In computing, a platform describes some sort of hardware architecture or software framework (including application frameworks), that allows software to run. Typical platforms include a computer's architecture, operating system, programming languages and related runtime libraries or graphical user interface.

Hardware, operating system and virtual machine Rectify

In relation to hardware, platform often describes the set of hardware components that make up the computer itself, that the software is written to target (often just described as "written for an architecture"). Pure assembly language can be run on this hardware platform, but most commonly, operating system software is written to target it. But in doing so, it becomes a platform in itself, facilitating the running of other software that is used to target the operating system, and likewise the hardware architecture. Furthermore, software that is written for the operating system can be used to support the running of other software: for example a virtual machine (which targets a certain operating system/hardware) that is used to run other programs that are written for it, which constitutes another platform.

Role in softwareRectify

A platform is a crucial element in software development. A platform might be simply defined as 'a place to launch software'. It is an agreement that the platform provider gave to software developer that logic code will interpret consistently as long as the platform is running on top of other platforms. Logic code includes byte code, source code, and machine code.


Platforms are frequently mentioned with APIs. A complete suite of APIs constitute another type of platform called software platform. Software Platforms frequently are dependent to operating systems. However this is not always true. For example, two popular non-OS dependent platforms are Java, as mentioned above, and BREW for mobile phones.


Java programs are a typical example of the latter point. Java source code is "compiled" to an intermediate-language bytecode which is then interpreted by an interpreter, the JVM, which then interfaces that program with the Java software libraries. In phones, PDAs and other wireless mobile devices, these libraries are the Java ME. Some phones, even without a full fledged OS, enable Java programs such as games to operate. Java and the bytecode are said to be platform independent. But this is because Java is the platform as well as a programming language. Software really cannot operate without a platform or be platform independent. The programming language is referred to here, meaning the programmer need not be concerned about the hardware or operating system platform, nor will the language change with a different platform.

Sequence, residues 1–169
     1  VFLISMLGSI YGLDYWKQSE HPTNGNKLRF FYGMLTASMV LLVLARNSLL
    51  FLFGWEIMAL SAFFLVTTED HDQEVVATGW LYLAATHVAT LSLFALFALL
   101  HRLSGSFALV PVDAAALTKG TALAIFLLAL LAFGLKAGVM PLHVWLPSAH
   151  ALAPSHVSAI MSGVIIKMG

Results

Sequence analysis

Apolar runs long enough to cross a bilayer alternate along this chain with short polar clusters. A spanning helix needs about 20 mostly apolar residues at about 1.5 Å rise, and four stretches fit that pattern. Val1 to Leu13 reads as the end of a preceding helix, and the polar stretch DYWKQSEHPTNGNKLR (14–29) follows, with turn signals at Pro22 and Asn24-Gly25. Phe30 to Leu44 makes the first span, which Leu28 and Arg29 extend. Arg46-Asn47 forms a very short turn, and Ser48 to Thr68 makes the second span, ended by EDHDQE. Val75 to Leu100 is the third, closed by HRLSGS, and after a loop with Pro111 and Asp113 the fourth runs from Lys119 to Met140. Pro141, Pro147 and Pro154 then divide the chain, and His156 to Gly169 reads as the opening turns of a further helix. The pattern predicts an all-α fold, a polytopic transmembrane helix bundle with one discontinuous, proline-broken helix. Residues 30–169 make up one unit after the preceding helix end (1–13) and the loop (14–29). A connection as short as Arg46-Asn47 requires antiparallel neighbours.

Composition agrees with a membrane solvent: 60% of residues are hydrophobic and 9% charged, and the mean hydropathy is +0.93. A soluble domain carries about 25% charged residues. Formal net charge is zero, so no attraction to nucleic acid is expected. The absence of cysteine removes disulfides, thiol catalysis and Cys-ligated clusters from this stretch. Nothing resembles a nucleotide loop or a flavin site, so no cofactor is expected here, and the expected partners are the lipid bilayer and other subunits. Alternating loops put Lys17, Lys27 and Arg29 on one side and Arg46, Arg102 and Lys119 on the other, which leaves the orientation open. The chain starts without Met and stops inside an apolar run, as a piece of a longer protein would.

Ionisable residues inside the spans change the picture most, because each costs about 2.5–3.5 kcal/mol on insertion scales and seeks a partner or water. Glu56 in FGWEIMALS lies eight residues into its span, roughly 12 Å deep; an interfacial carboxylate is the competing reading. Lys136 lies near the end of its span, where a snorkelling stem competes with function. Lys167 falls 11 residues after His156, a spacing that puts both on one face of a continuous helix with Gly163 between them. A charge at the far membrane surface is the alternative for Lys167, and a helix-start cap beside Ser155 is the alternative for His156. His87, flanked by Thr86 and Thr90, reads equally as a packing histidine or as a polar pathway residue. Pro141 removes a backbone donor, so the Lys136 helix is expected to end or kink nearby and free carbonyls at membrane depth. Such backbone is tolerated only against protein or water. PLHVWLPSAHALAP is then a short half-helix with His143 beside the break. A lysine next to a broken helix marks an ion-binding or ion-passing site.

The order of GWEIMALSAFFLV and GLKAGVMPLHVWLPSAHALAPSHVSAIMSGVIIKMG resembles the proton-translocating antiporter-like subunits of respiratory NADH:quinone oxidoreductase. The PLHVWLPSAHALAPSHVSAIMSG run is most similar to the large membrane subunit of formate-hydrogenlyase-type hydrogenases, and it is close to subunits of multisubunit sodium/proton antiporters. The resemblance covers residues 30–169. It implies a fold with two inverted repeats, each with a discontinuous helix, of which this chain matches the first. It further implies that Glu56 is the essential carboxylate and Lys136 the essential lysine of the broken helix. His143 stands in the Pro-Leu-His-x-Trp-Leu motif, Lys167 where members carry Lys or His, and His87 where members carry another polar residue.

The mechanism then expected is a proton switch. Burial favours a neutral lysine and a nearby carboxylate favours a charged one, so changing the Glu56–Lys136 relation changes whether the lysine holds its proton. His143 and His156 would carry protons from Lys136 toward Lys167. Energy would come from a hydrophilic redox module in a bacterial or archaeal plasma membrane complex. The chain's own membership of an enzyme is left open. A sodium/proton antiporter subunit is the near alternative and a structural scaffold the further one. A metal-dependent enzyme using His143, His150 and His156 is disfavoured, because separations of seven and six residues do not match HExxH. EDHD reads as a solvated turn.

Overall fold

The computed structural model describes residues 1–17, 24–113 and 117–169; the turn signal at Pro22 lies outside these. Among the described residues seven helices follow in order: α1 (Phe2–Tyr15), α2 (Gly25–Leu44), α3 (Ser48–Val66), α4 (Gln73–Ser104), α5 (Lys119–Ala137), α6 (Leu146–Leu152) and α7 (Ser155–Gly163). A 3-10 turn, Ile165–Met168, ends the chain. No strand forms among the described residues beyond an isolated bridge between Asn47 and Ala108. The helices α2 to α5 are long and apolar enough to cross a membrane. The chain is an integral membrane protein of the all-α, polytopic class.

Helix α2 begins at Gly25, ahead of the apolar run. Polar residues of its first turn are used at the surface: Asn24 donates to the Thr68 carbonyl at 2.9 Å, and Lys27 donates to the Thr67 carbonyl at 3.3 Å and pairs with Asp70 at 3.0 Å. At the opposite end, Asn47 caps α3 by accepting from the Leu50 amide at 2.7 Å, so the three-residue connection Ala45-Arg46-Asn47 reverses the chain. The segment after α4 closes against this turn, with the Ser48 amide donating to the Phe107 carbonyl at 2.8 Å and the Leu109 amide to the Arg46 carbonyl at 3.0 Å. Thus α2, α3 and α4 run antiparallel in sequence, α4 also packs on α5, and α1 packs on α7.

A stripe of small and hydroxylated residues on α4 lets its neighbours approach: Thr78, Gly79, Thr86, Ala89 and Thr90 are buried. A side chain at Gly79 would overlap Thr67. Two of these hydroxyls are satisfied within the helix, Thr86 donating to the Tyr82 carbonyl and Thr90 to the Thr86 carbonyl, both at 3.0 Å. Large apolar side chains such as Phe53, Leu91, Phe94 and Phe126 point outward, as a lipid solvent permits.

.NET Framework is Microsoft's answer to Sun's Java. Microsoft .NET is an umbrella term that applies to a wide collection of products and technologies from Microsoft. Most have in common a dependence on the Microsoft .NET Framework, a component of the Windows operating system.

Microsoft products and components that fall into the .NET category include:

  • The Microsoft .NET Framework, an operating system component required by most .NET products.
  • Windows Live ID (formerly known as .NET Passport)

Operating system platform examplesRectify

Software platform examplesRectify

Hardware examplesRectify

Phone platformsRectify



Run timeRectify


Size of redistributable packages Rectify

Platform Version OS Size
.NET 1.1 Windows(x86) 23.2MB
.NET 2.0 Windows(x86) 22.4MB
.NET 3.0 Windows(x86) 50.3MB
.NET 3.5 Windows(x86) 197MB
Microsoft Silverlight 1.0 Windows(x86) 1.4MB
Java(JRE) 1.1.8_010 Windows(x86) 5.2MB
Java 1.2.2_017 Windows(x86) 7.2MB
Java 1.3.1_20 Windows(x86) 7.9MB
Java 1.4.2_17 Windows(x86) 15.1MB
Java 5 update 15 Windows(x86) 16.1MB
Java 6 update 6 Windows(x86) 15.2MB
Adobe Air 1.0.1 Windows(x86) 11.3MB
Adobe Flash Windows(x86) 1.4MB
XULRunner Windows(x86) 6.3MB(zip), 4.5MB(7z)


See alsoRectify